Seoul’s D’Strict Is Licensing Some Of Its Spectacular Motion Creative For LED Video Wall Owners

January 11, 2022 by Dave Haynes

The South Korean digital media design studio d’strict, which has developed some of the more visually amazing content pieces seen on indoor and outdoor video walls, has launched a web site that makes some of its creative work available to third parties through licensing.

That means some of the wild, inventive pieces put out by d’strict can be on video walls elsewhere in the world, without the end-user or media owner having to commission original work, and presumably at a more affordable fee (quality original creative is rarely inexpensive).

“This platform,” says d’strict, “is an online marketplace designed to be able to showcase and trade the works created by #dstrict and other global media artists. We ask for your continuous interest and support on this, and any media artists who wish to take on new challenges together, please feel free to contact us anytime.”

The enterprise licensing set-up is built around the notion of populating a single video wall for a year with as many as eight original d’strict pieces. The USD cost for a one-year enterprise license is $45,000, or about $5,600 for each. That may seems like a lot of money for content you are only renting, but you’d pay many, many multiples of that to get this level of content commissioned as original, owned pieces.

Here’s a sample piece:

The d’strict team does amazing work – among the best in the business – so this represents an opportunity for companies that have big LED video walls to populate a video wall with top tier work, and maybe not see the overall budget clobbered by the cost of a single piece. Even the most compelling work will turn into wallpaper after a while if it is the only thing running, hour after hour, day after day. Variety is good.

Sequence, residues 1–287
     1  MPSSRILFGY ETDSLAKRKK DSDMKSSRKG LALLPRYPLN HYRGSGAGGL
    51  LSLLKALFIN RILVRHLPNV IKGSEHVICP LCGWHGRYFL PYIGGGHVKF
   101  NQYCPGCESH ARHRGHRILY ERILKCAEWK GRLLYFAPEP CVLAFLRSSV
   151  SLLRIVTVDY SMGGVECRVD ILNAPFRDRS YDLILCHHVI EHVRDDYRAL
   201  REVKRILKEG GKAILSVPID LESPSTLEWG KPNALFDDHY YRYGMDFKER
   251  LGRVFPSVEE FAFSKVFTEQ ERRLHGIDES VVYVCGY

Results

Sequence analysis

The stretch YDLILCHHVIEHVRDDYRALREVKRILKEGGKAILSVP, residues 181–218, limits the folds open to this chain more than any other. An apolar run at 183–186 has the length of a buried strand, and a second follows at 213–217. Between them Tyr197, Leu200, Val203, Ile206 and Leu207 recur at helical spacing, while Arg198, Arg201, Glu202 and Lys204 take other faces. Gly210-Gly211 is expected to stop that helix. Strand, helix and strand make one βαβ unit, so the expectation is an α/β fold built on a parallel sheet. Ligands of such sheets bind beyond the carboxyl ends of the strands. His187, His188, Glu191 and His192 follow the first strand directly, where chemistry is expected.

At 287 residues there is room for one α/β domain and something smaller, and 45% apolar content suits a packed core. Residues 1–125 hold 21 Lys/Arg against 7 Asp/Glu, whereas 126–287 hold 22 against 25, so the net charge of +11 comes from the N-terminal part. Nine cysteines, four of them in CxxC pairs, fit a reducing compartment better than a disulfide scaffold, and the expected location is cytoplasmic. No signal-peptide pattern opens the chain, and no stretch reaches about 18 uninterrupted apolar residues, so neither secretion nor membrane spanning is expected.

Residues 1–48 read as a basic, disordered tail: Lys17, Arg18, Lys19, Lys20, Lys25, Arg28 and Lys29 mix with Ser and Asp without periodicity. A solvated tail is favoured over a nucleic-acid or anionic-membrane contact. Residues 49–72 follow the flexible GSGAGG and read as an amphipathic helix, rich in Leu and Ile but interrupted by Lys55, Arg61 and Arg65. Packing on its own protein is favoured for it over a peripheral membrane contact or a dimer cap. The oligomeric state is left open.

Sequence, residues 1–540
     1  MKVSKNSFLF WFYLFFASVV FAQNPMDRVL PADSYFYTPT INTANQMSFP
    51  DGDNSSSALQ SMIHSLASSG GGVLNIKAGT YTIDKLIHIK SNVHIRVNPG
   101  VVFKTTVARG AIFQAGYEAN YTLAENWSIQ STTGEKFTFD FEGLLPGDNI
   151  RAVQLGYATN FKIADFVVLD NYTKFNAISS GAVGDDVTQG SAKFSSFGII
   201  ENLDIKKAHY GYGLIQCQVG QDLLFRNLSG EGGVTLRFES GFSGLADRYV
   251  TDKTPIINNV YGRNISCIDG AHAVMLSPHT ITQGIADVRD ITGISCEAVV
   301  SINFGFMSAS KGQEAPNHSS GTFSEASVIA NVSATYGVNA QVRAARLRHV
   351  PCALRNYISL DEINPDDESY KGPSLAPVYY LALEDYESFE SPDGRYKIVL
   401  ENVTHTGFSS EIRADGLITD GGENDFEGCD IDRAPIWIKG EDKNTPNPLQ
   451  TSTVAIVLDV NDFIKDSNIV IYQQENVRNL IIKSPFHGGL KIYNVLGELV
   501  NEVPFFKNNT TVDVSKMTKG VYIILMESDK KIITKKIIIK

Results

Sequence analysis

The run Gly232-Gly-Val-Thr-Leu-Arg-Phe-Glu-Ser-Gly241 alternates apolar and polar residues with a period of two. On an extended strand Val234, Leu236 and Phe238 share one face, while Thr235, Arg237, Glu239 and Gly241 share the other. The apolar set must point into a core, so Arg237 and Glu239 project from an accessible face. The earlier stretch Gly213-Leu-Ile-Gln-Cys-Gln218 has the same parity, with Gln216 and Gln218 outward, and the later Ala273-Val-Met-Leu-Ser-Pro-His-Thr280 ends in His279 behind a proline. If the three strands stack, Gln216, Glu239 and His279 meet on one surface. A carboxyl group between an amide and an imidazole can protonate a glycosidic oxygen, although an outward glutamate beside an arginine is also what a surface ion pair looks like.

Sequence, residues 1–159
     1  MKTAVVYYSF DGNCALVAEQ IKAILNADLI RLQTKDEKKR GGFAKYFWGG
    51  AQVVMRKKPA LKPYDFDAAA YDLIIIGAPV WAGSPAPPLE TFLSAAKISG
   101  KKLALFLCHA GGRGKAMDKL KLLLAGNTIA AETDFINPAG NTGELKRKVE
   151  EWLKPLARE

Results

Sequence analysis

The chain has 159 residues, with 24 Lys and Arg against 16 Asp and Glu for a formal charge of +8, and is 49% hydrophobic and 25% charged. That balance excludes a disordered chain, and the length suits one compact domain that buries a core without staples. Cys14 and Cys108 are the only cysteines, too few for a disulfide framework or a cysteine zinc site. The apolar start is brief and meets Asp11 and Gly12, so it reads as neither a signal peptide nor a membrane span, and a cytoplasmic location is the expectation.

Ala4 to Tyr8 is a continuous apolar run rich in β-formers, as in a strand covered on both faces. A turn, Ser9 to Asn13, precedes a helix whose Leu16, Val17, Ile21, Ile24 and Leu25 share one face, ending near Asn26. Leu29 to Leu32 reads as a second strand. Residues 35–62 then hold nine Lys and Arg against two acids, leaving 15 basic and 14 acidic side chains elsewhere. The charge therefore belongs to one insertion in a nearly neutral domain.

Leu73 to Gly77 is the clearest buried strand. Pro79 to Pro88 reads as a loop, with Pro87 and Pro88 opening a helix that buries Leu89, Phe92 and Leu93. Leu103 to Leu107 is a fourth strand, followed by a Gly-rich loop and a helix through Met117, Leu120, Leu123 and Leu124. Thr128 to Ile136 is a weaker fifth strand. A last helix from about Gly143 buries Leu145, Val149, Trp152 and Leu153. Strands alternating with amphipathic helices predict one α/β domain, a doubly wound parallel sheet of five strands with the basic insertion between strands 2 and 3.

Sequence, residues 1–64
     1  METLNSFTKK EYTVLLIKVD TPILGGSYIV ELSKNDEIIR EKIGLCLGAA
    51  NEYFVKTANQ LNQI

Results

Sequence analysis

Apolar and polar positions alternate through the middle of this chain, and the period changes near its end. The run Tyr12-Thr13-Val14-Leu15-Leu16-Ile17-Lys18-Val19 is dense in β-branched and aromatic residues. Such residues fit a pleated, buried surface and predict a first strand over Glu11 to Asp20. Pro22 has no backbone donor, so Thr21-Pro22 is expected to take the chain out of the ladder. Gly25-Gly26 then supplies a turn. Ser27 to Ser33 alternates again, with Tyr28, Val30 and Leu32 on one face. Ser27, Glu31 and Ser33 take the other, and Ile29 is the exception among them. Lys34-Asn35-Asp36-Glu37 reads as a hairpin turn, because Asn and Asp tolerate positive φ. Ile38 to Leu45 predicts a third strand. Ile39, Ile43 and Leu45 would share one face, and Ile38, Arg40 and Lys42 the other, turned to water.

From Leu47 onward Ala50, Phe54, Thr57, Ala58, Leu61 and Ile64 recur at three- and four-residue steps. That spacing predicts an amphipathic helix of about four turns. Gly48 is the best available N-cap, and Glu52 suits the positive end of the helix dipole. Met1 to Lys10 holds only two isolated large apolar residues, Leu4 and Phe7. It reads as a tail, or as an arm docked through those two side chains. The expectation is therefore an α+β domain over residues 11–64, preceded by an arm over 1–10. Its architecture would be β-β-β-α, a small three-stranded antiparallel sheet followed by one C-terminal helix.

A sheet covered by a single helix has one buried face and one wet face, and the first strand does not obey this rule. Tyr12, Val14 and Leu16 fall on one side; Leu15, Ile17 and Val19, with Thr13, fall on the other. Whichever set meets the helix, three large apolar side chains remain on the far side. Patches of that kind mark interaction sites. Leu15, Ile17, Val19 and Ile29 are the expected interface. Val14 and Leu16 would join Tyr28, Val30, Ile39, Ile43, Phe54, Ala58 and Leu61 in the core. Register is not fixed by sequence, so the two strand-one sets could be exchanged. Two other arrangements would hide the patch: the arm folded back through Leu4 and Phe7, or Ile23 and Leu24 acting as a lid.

The only down side to this is perhaps the argument that these pieces are very high-end fillers that won’t likely have any relation to the space or place or brand. So this material could on the video wall in the lobby of a big bank, for example, but it’s not going to say anything about the institution, its people or the location. That’s not necessarily bad, but owners have to understand they are buying completed, rendered material that’s generic in its own way. Customization could be done, since d’strict owns the source files, but there would very likely be more cost.

The other minor issue is exclusivity. If I was a building owner and licensed this material, I wouldn’t want to walk three blocks over and see it on the screen in the office tower lobby of a competing property owner. But that could happen, I suppose, unless some sort of territory thing could be worked out (doubt it).

I think this is clever. A design studio is likely to have a lot of original material languishing on hard drives, and this scheme can “sweat” those assets. You have to assume some of the studio’s output is solely owned by the companies that commissioned and paid for them, but there’d be a lot more that could be re-marketed like this.

The digital signage and pro AV industries are much more experienced now about video walls, and I hear fewer stories about big dollar projects going in that have little or no content strategy. But content is and always will be an issue. This sort of thing helps address that.

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